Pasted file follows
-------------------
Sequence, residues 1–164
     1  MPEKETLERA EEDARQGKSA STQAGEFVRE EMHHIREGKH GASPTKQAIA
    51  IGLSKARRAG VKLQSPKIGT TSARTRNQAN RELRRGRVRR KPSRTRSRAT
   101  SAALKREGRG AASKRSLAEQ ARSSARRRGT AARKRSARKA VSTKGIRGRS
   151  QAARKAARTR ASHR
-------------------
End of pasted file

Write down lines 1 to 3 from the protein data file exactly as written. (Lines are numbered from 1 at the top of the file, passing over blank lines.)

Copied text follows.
Sequence, residues 1–164
     1  MPEKETLERA EEDARQGKSA STQAGEFVRE EMHHIREGKH GASPTKQAIA
    51  IGLSKARRAG VKLQSPKIGT TSARTRNQAN RELRRGRVRR KPSRTRSRAT